Creating a new site for your business or nonprofit is a big deal that impacts how your customers feel about you. When done right, it’s an investment that will bring in new customers and help you retain your current customers. Here are basic emotional concepts to keep in mind when planning for a new business or nonprofit site.
Hit them in the feels
People are mostly emotional. Figure they are 60 percent water, 39 percent emotions, and one percent intellect (and some some people maybe not even that much). Website visitors will remember how a site makes them feel more than they will remember the information on the website.
If your website frustrates potential customers, confuses them or makes them sad, they won’t come back. When planning for a new site, it’s important to consider:
- How the graphic design affects visitors’ emotions
- Whether or not they feel the information is useful to them
- Whether visitors feel it is easy to use the site.
Don’t be special
Minimal design is effective design. So many businesses come to us asking to make a “kickass” site, which usually means multiple video elements, multiple animations, an insane color palette and (dun-dun-dunnnnn) dramatic music.
But take a look at at Google: The biggest website in the world launched with one word on its homepage and after two decades it hasn’t added much more. The lesson here is that bells and whistles get in the way of your users’ experience but simplicity helps them, and that makes them feel good.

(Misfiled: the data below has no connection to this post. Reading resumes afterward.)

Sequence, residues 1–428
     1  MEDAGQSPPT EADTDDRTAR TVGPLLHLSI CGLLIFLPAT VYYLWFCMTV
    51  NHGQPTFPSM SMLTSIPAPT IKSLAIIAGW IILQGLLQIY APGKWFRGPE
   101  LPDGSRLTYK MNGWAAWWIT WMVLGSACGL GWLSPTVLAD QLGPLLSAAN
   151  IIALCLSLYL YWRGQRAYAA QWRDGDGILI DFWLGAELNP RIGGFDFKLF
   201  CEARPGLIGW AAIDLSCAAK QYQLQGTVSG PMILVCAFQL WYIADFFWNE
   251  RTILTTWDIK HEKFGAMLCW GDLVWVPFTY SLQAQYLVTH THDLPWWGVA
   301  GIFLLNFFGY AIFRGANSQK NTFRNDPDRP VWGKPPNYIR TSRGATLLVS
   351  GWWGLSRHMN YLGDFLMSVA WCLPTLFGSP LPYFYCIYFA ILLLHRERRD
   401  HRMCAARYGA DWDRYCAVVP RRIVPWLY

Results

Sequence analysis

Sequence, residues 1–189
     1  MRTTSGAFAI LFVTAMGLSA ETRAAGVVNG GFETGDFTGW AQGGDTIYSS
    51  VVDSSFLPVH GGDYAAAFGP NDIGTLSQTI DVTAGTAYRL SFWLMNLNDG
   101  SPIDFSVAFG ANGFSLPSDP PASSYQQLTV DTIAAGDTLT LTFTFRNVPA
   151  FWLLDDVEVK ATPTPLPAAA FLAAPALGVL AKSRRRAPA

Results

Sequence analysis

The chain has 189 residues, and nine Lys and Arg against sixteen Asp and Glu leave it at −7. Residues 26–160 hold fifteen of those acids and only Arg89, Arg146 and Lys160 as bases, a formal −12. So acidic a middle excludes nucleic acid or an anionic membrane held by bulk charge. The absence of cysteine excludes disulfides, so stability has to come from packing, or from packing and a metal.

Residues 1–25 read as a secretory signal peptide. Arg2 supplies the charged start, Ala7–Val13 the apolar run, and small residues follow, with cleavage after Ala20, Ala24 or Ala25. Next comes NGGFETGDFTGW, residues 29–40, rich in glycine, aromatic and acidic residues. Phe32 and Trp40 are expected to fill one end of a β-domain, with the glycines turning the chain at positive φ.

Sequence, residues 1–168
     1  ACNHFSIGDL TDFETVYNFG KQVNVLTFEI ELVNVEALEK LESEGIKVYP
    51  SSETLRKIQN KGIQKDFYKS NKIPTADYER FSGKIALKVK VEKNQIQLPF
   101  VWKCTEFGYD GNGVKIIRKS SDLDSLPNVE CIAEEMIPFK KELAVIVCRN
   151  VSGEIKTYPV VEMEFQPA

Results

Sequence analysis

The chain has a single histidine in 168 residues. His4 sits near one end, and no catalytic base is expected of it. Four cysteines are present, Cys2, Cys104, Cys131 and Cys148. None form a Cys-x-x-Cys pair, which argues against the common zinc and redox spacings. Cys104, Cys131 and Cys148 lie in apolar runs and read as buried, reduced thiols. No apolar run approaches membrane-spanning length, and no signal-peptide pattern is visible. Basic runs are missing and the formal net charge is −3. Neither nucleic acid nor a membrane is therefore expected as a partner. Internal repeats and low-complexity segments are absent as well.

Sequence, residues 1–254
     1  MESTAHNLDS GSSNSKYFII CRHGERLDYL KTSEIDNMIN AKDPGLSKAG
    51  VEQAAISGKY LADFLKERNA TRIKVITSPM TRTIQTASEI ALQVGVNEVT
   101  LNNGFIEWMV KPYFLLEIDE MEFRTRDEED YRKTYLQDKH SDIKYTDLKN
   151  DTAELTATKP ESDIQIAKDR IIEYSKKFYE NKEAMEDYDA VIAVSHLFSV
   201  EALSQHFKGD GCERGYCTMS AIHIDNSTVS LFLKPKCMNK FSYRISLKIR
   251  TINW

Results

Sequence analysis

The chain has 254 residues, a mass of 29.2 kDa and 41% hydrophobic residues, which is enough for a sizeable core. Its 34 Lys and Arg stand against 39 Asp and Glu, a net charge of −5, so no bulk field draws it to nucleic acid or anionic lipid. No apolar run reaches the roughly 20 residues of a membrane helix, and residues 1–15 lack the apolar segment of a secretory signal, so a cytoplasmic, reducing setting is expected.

When you are planning your new site (hopefully with the help of a good web designer) keep these ideas in mind:
- Cut down on colors.
- Make your user experience elements (graphics, buttons, menus) minimalist and easy to understand.
- Make sure your users feel like they are being productive while using your site, whether they are learning something, buying something, or downloading something.
Prune your website’s garden
One of the biggest mistakes businesses make is to put everything on the homepage and the site becomes cluttered, which confuses visitors. When every bit of information on the page seems to have equal weight they can’t easily get to what they need.
Break down big concepts in to smaller ideas and address them one at a time. Your customers will love you for this because your website will feel accessible and understandable.
Guide your customers through your site with distinct pathways to what they want
For example, if you are a clothing store and your customer is on a page that sells a particular shoe, show them suggestions for similar shoes—not T-shirts, belts or tennis rackets. Keeping the pathway clear helps the visitor to stay focused on the item that drew them to the site and more likely to make a purchase.
A thorny issue: Resist the urge to be political
Sure the board members will be super impressed if their names are in a long list at the top of the site, but will anybody else? It’s OK to have this information on your website, but take a second to think about how many people it will affect and who really needs it.
A gift – but not for you
Think of a website as a gift to your customers. Give them what they want or need, not what you want or need. When you take the time to rigorously edit your ideas for a new website and organize every web page before you build it, your customers will visit it again and again.